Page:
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1-40-126. Explanation of effect of “yes/for” or “no/against” vote included in notices provided by mailing or publicat

Statute

In any notice to electors provided by the director of research of the legislative council, whether by mailing pursuant to section 1-40-124.5 or publication pursuant to section 1-40-124, there shall be included the following explanation preceding any information about individual ballot issues: “A ‘yes/for’ vote on any ballot issue is a vote in favor of changing current law or existing circumstances, and a ‘no/against’ vote on any ballot issue is a vote against changing current law or existing circumstances.”

 

Source: L. 93: Entire article amended with relocations, p. 692, § 1, effective May 4.L. 2000: Entire section amended, p. 299, § 6, effective August 2.L. 2012: Entire section amended, (HB 12-1089), ch. 70, p. 243, § 4, effective January 1, 2013.

 

Editor’s note: This section is similar to former § 1-40-114 (3), which was added by House Bill 93-1155. (See L. 93, p. 266.)

Cross references: For the legislative declaration in the 2012 act amending this section, see section 1 of chapter 70, Session Laws of Colorado 2012.
 
ANNOTATION

Annotator’s note. The following annotations include cases decided under former provisions similar to this section.

The facts upon which depend the question whether an amendment proposed to the constitution has received the approval of the people will be judicially noticed and the court will resort to all sources of information which may afford satisfactory evidence upon the question. Harrison v. People ex rel. Whatley, 57 Colo. 137, 140 P. 203 (1914).
Definition [Ballot]

(a) A federal write-in absentee ballot;

(b) A ballot specifically prepared or distributed for use by a covered voter in accordance with this article; or

(c) A ballot cast by a covered voter in accordance with this article.

(2) “Covered voter” means:

(a) A uniformed-service voter defined in paragraph (a) of subsection (9) of this section who is a resident of this state but who is absent from this state by reason of active duty and who otherwise satisfies this state’s voter eligibility requirements;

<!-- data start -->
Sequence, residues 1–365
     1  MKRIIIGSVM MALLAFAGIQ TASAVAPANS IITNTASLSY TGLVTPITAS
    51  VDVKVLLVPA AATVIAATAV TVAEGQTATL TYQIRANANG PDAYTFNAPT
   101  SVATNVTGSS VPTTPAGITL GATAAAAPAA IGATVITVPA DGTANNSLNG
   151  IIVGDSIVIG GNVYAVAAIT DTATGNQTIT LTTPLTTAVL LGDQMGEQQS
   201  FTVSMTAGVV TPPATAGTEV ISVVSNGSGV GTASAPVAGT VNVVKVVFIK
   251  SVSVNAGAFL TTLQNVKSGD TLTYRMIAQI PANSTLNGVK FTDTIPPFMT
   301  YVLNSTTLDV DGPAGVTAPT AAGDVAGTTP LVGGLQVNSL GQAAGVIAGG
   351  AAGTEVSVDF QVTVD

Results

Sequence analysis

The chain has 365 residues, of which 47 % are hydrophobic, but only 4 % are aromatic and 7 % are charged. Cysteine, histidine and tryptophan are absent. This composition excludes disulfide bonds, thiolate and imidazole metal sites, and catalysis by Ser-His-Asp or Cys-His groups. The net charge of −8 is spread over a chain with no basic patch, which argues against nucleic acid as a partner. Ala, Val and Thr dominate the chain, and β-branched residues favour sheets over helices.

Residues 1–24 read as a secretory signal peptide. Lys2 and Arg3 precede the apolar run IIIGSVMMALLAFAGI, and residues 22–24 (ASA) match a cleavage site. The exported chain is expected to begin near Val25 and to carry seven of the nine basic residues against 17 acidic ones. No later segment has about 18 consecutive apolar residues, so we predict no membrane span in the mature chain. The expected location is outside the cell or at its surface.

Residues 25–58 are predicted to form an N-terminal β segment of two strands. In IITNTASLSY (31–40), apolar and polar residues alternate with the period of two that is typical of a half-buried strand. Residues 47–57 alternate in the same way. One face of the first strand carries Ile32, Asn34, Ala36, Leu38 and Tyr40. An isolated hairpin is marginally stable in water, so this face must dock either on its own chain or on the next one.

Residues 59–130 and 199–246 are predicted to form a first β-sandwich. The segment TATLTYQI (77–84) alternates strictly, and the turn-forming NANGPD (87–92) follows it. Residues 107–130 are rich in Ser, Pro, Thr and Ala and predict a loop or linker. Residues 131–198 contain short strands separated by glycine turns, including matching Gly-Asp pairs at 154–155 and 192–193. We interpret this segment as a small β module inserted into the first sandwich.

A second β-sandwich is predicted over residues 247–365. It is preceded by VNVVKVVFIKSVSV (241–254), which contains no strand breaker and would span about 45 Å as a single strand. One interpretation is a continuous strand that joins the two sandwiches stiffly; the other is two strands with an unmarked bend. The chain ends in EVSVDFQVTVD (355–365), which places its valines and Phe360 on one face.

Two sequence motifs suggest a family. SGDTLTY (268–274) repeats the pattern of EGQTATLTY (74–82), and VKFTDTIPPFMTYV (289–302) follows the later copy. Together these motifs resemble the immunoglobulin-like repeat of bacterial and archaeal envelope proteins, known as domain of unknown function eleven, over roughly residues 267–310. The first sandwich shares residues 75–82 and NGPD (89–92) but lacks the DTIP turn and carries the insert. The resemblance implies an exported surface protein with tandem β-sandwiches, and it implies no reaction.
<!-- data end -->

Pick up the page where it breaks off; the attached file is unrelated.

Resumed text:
(b) An overseas voter who, before leaving the United States, was last eligible to vote in this state and, except for a state residency requirement, otherwise satisfies this state’s voter eligibility requirements;

(c) An overseas voter who, before leaving the United States, would have been last eligible to vote in this state had the voter then been of voting age and, except for a state residency requirement, otherwise satisfies this state’s voter eligibility requirements; or

(d) An overseas voter who was born outside the United States, is not described in paragraph (b) or (c) of this subsection (2), and, except for a state residency requirement, otherwise satisfies this state’s voter eligibility requirements if the last place where a parent, legal guardian, spouse, or civil union partner of the voter was, or under this article would have been, eligible to vote before leaving the United States is within this state.

C.R.S. § 1-8.3-102.

Cases

colorado Cases

Case Name: Harrison v. People ex rel. Whatley

Citation: 57 Colo. 137, 140 P. 203 (1914)

Year: 1914

Case Summary: Upholding the appointment of a judge to a county court based on an interpretation of a voter-approved amendment to the state constitution. Accordingly, a county need not hold an election to fill a vacancy created when an elected judge is declared unqualified to serve after an election.

Out-of-State Cases

Federal Cases